Euthyphro’s dilemma

January 15, 2006 at 11:03 pm Leave a comment

In one of his famous dialogues, Plato records an imagined conversation between his teacher, Socrates, and a man named Euthyphro. During this conversation, Socrates tries to get Euthyphro to define for him the nature of piety, or holiness.

After a couple false starts, Euthyphro comes up with a definition that seems workable.

“I would certainly say,” he tells Socrates, “that the holy is what all the gods love, and that the opposite, what all the gods hate, is unholy.”

Socrates responds, “Perhaps we shall learn better, my friend. For consider: is the holy loved by the gods because it is holy? Or is it holy because it is loved by the gods?”

Euthyphro’s dilemma is simple: He has to decide whether an action is right simply because the gods say it is, or whether the gods say an action is right or wrong for some objective reason.

Though Christians don’t recognize a plurality of gods, the question applies to us, too: Are right and wrong determined solely by God’s fiat? Or is there an objective moral code that exists independently of God?


I suggest that the latter answer must be true—right and wrong have objective definitions independent of God. After all, if we answer that morality is determined by God—that God makes up the rules—then we imply that God’s choice of right and wrong is arbitrary. Good and evil refer to nothing more than what God likes (or doesn’t like). Had God decided He “liked” murder, he could have made murder “right.” Consequently, the idea that God is “good” is meaningless—it simply means God does what He likes to do.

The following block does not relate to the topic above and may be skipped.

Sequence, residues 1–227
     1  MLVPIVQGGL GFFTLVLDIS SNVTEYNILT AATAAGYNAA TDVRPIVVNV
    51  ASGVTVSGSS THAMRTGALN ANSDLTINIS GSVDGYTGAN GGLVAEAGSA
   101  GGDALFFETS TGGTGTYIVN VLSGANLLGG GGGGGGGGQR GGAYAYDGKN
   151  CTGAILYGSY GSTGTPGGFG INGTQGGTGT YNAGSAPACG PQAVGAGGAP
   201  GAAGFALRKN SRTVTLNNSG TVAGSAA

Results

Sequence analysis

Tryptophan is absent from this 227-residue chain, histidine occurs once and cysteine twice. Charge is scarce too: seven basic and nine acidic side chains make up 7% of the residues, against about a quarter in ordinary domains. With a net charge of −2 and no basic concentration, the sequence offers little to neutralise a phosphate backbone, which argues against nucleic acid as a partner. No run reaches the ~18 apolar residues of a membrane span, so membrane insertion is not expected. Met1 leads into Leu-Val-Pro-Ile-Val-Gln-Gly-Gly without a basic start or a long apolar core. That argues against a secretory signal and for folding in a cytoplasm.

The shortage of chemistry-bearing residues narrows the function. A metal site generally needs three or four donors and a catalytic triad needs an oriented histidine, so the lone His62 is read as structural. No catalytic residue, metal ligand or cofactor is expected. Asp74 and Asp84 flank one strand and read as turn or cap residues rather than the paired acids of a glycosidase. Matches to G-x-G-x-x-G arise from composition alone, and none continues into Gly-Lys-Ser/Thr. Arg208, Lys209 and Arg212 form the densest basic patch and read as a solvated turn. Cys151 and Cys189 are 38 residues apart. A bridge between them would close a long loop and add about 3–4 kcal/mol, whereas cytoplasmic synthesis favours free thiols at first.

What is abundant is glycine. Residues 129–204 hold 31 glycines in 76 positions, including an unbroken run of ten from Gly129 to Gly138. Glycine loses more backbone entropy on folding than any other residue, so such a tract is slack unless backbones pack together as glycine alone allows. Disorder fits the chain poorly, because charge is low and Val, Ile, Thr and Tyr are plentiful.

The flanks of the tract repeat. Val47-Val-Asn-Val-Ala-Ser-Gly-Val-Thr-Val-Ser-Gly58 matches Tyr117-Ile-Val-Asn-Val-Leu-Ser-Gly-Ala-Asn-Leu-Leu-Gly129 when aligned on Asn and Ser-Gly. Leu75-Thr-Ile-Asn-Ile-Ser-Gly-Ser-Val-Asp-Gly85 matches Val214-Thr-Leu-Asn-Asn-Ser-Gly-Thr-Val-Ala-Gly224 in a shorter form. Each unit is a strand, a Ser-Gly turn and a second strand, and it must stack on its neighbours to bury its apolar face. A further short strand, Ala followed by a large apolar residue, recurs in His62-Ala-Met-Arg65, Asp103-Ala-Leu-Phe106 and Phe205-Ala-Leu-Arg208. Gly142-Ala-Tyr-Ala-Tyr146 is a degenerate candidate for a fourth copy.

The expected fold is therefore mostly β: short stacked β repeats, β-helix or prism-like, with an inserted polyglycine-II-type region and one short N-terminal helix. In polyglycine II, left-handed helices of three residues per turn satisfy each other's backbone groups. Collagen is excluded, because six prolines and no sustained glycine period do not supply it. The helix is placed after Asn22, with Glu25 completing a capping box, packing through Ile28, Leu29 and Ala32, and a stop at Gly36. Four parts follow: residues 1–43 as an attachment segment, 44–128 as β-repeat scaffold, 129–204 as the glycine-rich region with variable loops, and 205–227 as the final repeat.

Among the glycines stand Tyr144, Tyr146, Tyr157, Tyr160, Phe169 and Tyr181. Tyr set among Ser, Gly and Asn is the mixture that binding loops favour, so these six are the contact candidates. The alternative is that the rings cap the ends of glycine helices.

For this reason, it must be that the definitions of right and wrong exist independently of God, even while they are internalized in God. In other words, when God says an action is right or wrong, He does so based on some objective criteria outside Himself. While God does not “play by the rules” of another lawmaker, he does operate on truth that exists apart from Himself.

To answer Euthyphro’s dilemma, then, right actions are decreed by God because they are right, not right because they are decreed.


Do you agree with my take on the matter? If so, how would you answer Socrates’ original question, in which he asked Euthyphro to tell him what makes an action “holy,” or right? In other words, if right and wrong have definitions independent of God, what might those definitions be?


Entry filed under: Uncategorized.

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profile.jpgI am working on my M.A. in Religion at Andrews University in Berrien Springs, Michigan. Besides having a big interest in theology, history, ethics, and the deep stuff of life, I am also very fond of Mediterranean food, snow, and the color red.

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